Last Monday, President Obama launched a national conversation on mental illness. His administration estimates that there are 45 million Americans currently suffering from some sort of mental illness.
President Obama would like people to reduce the stigma on mental illness and for more people to come forward if they’re suffering from of some type of mental illness such as depression, post-traumatic stress, and schizophrenia.
President Obama said, “We all know somebody — a family member, a friend, a neighbor — who has struggled or will struggle with mental health issues at some point in their lives.”
Also on that day, a website, mentalhealth.gov, was launched to help aid people suffering from mental illness and for people who have received help to share their success stories so other people will forward.
Ruth Sauceda, a lunch lady at Hiram Johnson High School’s cafeteria said, “I think it’s sad because imagine everyone you see is out to hurt you or you can’t trust anyone because of what you’ve been through.”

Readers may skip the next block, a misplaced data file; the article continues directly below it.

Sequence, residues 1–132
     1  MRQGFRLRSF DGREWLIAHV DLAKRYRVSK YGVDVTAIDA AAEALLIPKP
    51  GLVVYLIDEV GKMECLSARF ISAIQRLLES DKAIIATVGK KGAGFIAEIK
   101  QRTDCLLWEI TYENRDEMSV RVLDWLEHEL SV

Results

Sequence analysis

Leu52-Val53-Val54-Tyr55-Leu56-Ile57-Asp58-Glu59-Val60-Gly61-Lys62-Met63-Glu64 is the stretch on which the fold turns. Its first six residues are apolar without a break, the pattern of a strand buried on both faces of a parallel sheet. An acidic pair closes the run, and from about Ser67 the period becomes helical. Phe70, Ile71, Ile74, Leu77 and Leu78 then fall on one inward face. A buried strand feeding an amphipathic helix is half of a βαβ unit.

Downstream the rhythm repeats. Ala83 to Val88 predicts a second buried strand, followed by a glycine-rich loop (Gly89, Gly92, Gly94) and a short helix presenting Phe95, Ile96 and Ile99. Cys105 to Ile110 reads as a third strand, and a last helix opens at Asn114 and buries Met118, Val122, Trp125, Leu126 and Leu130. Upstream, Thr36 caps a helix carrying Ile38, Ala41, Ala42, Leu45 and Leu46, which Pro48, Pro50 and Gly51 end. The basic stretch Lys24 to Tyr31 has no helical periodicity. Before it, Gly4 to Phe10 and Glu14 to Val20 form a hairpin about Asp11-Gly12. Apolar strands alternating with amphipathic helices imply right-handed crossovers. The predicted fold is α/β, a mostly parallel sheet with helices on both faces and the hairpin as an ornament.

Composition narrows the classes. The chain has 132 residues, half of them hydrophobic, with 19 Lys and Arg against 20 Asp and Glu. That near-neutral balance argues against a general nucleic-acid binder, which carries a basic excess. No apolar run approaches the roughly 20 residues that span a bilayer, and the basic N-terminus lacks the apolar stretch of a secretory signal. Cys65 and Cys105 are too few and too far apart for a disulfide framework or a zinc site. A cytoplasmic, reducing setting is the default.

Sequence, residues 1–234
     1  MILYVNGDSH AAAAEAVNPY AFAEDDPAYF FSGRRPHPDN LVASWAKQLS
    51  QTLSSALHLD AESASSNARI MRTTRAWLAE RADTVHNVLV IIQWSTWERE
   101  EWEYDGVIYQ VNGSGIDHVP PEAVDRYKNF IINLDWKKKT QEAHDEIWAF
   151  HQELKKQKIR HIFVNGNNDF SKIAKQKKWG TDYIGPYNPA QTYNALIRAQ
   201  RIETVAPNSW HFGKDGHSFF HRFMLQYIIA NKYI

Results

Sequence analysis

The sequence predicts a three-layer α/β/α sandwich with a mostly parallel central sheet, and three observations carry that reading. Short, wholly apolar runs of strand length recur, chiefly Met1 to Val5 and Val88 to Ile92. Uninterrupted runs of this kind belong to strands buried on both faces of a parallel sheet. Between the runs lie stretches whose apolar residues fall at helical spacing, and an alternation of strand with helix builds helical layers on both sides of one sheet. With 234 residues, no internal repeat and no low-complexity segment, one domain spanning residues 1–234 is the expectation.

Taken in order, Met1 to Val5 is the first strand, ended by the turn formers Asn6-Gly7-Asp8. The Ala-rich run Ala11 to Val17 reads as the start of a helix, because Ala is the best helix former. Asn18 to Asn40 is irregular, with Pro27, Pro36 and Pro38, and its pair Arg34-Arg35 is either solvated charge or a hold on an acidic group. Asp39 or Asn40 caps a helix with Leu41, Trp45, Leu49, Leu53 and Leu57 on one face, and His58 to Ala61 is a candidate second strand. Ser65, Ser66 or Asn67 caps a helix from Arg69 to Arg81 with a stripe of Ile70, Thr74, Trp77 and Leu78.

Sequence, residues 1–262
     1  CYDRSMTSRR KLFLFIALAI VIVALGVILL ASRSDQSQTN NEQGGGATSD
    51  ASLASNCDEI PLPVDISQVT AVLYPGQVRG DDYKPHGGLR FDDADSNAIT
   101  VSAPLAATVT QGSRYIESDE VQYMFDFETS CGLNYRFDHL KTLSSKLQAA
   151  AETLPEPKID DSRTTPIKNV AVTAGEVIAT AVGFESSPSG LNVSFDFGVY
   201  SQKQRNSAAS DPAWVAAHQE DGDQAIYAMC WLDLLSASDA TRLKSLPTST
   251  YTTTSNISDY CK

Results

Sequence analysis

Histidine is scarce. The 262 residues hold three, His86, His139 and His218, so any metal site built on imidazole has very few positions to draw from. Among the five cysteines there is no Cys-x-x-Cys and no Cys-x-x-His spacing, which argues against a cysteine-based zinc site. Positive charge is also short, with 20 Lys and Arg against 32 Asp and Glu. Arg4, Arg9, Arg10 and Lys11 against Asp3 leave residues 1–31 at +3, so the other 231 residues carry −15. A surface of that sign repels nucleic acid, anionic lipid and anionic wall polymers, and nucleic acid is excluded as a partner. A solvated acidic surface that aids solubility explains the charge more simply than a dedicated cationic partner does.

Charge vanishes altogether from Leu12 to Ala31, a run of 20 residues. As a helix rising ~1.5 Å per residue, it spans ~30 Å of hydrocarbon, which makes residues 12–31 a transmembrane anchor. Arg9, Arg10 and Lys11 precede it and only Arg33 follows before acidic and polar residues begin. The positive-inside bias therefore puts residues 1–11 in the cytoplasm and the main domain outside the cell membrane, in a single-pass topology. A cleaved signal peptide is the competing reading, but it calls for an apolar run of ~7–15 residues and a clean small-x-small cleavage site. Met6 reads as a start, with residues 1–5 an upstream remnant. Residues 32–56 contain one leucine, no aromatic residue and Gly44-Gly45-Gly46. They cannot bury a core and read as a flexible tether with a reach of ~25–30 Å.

Sauceda thinks that their should be more awareness about mental health and law enforcement especially should be more careful.
“Just imagine all the mentally ill people who have been killed or injured by law enforcement because of the state of mind they are in, if we are aggressive now imagine someone that isn’t in their complete state of mind,” said Sauceda.
The President’s ultimate goal is for people to not be scared of coming forward with their mental illness.
“We need to see it that men and women who would never hesitate to go see a doctor if they had a broken arm or came down with the flu, that they have that same attitude when it comes to their mental health,” said Obama.
Locally, Sacramento was chosen as one of five pilot sites for mental health awareness conferences. On July 20th, residents will have a chance to participant in a day-long dialogue at the Sacramento Convention Center. Accesslocal.tv will cover the event.